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Featured 1 month ago

Note that

#a^b*a^c = a^(b+c)" "# and#" "(a^b)^c = a^(bc)#

So we find:

#(sqrt(10)^1009)/(sqrt(10)^(1011)-sqrt(10)^(1007)) = 10^(1009/2)/(10^(1011/2)-10^(1007/2))#

#color(white)((sqrt(10)^1009)/(sqrt(10)^(1011)-sqrt(10)^(1007))) = 10^(1007/2+1)/(10^(1007/2+2)-10^(1007/2+0))#

#color(white)((sqrt(10)^1009)/(sqrt(10)^(1011)-sqrt(10)^(1007))) = color(red)(cancel(color(black)(10^(1007/2))))/color(red)(cancel(color(black)(10^(1007/2))))*(10/(100-1))#

#color(white)((sqrt(10)^1009)/(sqrt(10)^(1011)-sqrt(10)^(1007))) = 10/99 = 0.bar(10)#

Featured 4 weeks ago

Slope of the line perpendicular to

See a solution process below:

The equation in the problem is in slope-intercept form. The slope-intercept form of a linear equation is:

Where

Therefore, the slope of the line represented by the equation in the problem is:

Let's call the slope of a perpendicular line:

The slope of a perpendicular line is:

Substituting gives:

Featured 3 weeks ago

So

Let's expand the parentheses:

Then, let's simplify the equation:

Now, let's solve for

Featured 3 days ago

Axis of symmetry:

Vertex (minimum point):

X-intercepts:

Y-intercept:

Refer to the explanation for the process and approximate values for vertex, x-intercepts, and y-intercept.

Given:

where:

To graph a quadratic function, you need to have at least the vertex and x-intercepts. The y-intercept is helpful, also.

**Axis of Symmetry:** vertical line

**Vertex:** the maximum or minimum point of the parabola. If

We have the

Simplify.

All terms must have a common denominator of

**Vertex:**

**Approximate vertex:**

Substitute

Plug in the known values.

Simplify.

Prime factorize

Simplify.

**Roots:** values for

Approximate values for

**X-intercepts:** values of

Approximate

**Y-Intercept:** value of

Y-intercept:

Plot the vertex and x-intercepts and sketch a parabola through the points. Do not connect the dots.

graph{y=2x^2-18x+13 [-13.95, 18.07, -40.31, -24.29]}

Featured 3 days ago

Long divide the numerator by the denominator until the remainder repeats or you have as many digits as you want.

One way which is guaranteed to work is to long divide the numerator by the denominator.

Since the running remainder is a non-negative integer that is always less than the divisor, it will eventually repeat, at some time after you have exhausted the digits from the dividend.

So the decimal will always repeat or terminate (i.e. a repeating

For example, to find the decimal representation of

In this simple example, the remainder

#1/7 = 0.142857142857... = 0.bar(142857)#

Here's a much longer example to calculate the exact decimal representation of

Notice that the remainder

#114/268 = 0.4bar(253731343283582089552238805970149)#

In this particular case, we could have identified the common factor

If the simplest form of the fraction has a denominator whose only prime factors are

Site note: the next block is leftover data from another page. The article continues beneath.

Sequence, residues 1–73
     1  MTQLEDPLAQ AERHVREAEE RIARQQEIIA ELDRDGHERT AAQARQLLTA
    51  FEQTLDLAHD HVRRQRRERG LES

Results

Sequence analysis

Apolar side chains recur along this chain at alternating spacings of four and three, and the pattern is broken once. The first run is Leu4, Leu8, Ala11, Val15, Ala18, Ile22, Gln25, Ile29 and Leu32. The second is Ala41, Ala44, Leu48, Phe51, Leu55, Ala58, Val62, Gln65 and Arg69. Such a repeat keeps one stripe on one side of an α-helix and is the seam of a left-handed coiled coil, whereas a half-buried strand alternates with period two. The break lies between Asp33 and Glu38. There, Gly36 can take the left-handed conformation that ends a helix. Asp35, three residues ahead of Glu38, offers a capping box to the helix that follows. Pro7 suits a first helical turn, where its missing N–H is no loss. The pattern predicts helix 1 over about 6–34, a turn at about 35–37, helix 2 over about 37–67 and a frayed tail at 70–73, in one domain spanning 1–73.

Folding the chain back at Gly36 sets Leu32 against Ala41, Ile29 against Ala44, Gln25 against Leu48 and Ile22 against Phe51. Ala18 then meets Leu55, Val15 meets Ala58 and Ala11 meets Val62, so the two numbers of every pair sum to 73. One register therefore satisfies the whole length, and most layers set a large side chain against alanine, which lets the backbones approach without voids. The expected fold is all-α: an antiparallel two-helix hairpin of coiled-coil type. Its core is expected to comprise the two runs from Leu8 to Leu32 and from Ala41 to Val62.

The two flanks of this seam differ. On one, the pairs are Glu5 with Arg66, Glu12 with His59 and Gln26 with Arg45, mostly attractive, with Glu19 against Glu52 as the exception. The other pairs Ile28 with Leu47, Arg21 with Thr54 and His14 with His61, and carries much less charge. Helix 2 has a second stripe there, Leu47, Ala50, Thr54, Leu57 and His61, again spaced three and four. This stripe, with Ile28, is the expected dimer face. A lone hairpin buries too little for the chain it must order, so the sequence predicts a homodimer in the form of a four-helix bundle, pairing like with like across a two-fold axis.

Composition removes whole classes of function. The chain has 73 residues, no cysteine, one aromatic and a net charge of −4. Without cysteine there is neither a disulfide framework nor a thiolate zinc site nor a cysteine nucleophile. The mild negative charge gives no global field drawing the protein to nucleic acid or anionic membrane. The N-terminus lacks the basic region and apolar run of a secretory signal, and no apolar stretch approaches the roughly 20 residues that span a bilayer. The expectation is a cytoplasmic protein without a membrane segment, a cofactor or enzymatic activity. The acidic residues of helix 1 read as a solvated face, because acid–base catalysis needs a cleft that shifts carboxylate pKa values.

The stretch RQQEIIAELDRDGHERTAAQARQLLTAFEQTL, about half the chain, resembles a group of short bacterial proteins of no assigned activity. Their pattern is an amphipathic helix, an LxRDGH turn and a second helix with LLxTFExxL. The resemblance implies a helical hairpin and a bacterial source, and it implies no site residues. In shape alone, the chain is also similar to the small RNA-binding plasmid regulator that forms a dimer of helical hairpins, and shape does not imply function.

Featured 3 days ago

It depends...

It depends what you mean by "infinity" and by addition if you have such a thing.

**Cardinal numbers**

The cardinal number of a set of objects is the number of objects in it.

So:

#abs({ 0, 1, 2, 3 }) = abs({"red", "green", "blue", "yellow"}) = 4#

We can express inequality of cardinal numbers in terms of mappings from one set to another.

So, if

#abs(A) <= abs(B)#

if and only if there is a one to one function

For example, we could define:

#{ (f(0) = "red"), (f(1) = "green"), (f(2) = "blue"), (f(3) = "yellow") :}#

So we can tell that:

#abs({ 0, 1, 2, 3 }) <= abs({"red", "green", "blue", "yellow"})#

Similarly, we can find:

#abs({"red", "green", "blue", "yellow"}) <= abs({ 0, 1, 2, 3 })#

and deduce:

#abs({ 0, 1, 2, 3 }) = abs({"red", "green", "blue", "yellow"})#

We can then define the natural numbers (including

#n = abs({ m : m < n })#

So:

#0 = abs(O/}#

#1 = abs({ 0 })#

#2 = abs({ 0, 1 })#

etc.

If we define the natural numbers in this way then if

#abs(A) + abs(B) = abs(A uu B)#

What happens if you extend this to infinite sets, for example the set of all natural numbers?

Let us write:

#omega = abs( { 0, 1, 2, 3, 4,...} )#

Then we find:

#omega = abs( { 0, 1, 2, 3, 4,... } ) = abs( { 1, 2, 3, 4, 5,...} )#

and:

#omega + 1 = abs( { 1, 2, 3, 4, 5,...} uu { 0 } ) = abs({0, 1, 2, 3, 4, 5,...}) = omega#

So in cardinal addition, we have:

#omega + 1 = omega#

There are other transfinite (i.e. infinite) cardinals larger than

**Ordinal numbers**

Ordinal numbers are similar to cardinal numbers, but different. They identify distinct well orderings of sets.

In ordinal arithmetic:

#1 + omega = omega#

but:

#omega + 1 > omega#

Why?

In ordinal arithmetic

#0, 1, 2, 3, 4,...#

If we add another number to the beginning of this sequence, then we get a sequence isomorphic to the first:

#k, 0, 1, 2, 3, 4,...#

#uarruarruarruarruarr#

#darrdarrdarrdarrdarr#

#0, 1, 2, 3, 4, 5,...#

but if we add another item to the end of the infinite list, then we get a distinct well ordering:

#0, 1, 2, 3, 4,... k#

So

**Other systems**

There are other methods of adding transfinite quantities to ordinary numbers and still getting some kind of addition, etc. to work.

The most extreme is probably Conway's Surreal Numbers.

In that system, all of the numbers

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